What's new
  • Guest
    As per our long standing policy of not permitting medical advice on the forum - all threads concerning the Coronavirus will be locked.
    For more info on the coronavirus please see the link below:
    https://www.cdc.gov/coronavirus/2019-nCoV/summary.html

Advice sought on handle crack

My Simpson Colonel (purchased in August) has developed a small handle crack:
F1AC91F3-D003-4CAE-9B7F-88229E6E86C3.jpeg

I contacted the vendor and received a refund, but they didn’t ask for the brush back. Now, I’m not sure what to do with the brush. I could keep it and use it, but I’m concerned the crack may worsen. I see some posts suggesting epoxy, but the crack is so small that I’m not sure I could get any in. Any advice?
 

Toothpick

Needs milk and a bidet!
Moderator
If you got a refund what’s it matter if the crack worsens. You’ve been compensated for the defect. I may order another one with the refund. Use it until the crack gets bigger and unusable and then toss it. At this point you got a refund so you are out nothing.

I don’t know the first thing about restoration. Like I said, I would just use it until it becomes unuseable. I suspect you will get many years out of it. Otherwise, maybe I’d take a rotary tool and grind it out and then fill it in with epoxy.

Enjoy your free brush!
 
I'm still in the process of working on a Simpson brush with what I suspect in time will develop into a crack in time perhaps. It's funny as the crack is visible to the eye, but it is under the surface of the handle. I thought it was a scratch and tried sanding it out with a dremel, but got a bit more material removed before realizing it wasn't coming out leaving a bit of a hole.

I bought some J-B Weld PlasticWeld to fill the void as using some epoxy putty worked quite well for repairing a broken wheel to a paper shredder, and J-B Weld PlasticWeld looked like it would fit the bill. It sands down quite well, but it dries to a blue color instead of the off white color was advertised. For some reason Testors paint came to mind to try and paint the blue spot, couldn't find any that wasn't white and not glossy, so I bought some Folk Art. Thankfully I didn't apply it directly to the spot before, and tried some paint and could tell the color was no where near what I needed. So right now I'm at the stage of needing to paint the repaired spot after mixing together a bunch of paint to the best of my ability to match the color.

I'll try to get around to this as soon as possible and let you know my own results with it. I should have photos on my phone of my work I've done. The Plasticweld epoxy putty would likely be just what you want to get that crack repaired, but then you'd have a blue spot shown. Note that this is my first time trying any such repair.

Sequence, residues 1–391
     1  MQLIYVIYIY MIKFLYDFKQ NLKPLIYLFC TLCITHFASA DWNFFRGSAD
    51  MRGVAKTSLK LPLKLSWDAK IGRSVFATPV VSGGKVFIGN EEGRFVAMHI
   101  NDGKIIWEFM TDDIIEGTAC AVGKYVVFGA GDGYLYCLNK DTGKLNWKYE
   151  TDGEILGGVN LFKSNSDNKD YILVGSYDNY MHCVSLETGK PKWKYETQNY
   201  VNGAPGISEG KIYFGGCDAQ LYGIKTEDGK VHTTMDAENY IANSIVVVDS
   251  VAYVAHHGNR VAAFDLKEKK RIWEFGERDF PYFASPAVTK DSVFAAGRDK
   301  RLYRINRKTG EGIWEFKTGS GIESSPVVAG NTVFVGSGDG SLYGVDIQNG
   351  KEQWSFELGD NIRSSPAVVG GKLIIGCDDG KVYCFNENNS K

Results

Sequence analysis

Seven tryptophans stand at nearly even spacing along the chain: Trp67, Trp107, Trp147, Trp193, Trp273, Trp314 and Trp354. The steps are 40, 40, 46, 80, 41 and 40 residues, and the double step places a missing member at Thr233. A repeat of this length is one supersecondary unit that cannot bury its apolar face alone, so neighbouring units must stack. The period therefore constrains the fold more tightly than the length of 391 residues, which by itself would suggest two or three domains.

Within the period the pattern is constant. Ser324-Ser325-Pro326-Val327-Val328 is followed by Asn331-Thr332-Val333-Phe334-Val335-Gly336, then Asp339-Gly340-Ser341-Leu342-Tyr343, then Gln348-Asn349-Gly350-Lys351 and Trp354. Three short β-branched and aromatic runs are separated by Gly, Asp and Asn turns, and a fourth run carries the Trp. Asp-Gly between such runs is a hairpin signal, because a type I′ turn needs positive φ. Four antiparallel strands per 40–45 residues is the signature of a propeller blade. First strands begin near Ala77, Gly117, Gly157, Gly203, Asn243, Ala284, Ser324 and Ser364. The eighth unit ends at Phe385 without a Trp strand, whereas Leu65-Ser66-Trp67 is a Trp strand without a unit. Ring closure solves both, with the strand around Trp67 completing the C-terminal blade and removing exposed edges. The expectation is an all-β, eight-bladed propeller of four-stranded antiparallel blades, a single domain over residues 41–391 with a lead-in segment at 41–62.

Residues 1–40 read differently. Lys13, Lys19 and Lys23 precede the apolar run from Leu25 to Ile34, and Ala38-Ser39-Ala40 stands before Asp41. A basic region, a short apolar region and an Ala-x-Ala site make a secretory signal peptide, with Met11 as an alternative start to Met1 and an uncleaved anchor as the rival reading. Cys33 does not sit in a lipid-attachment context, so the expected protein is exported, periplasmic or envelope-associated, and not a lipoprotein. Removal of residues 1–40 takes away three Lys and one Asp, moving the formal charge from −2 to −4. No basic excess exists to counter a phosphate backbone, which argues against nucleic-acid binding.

Hi,

Please return the brush to us with a copy of the proof of purchase enclosed.

We can replace free of charge if within a year of purchase.

This looks to be a case of the epoxy bond between knot & handle swelling at a rate faster than the handle itself, causing the fracture.

This is an inherent risk when soaking a brush in water too hot pre-shave.

If the water is too hot to submerge your hand in for a few seconds, then it’s also too hot for your brush - that’s the general advice we’d suggest.

We’ve also seen this issue when Brushes have been transported overseas in a non-pressurised aircraft hold - often subject to dramatic temperature fluctuations (very rare fortunately).

Many thanks,

Mark
 
I agree with @Toothpick You got a refund, so nothing lost if you just use it until it worsens. If and when it does worsen and if you happen to like the knot, then you can always ask a master-craftsmen to salvage the knot by fitting it into a new handle of your choice (i.e. @Rudy Vey )
 

ajkel64

The Aussie Bulldog
Moderator
Hi,

Please return the brush to us with a copy of the proof of purchase enclosed.

We can replace free of charge if within a year of purchase.

This looks to be a case of the epoxy bond between knot & handle swelling at a rate faster than the handle itself, causing the fracture.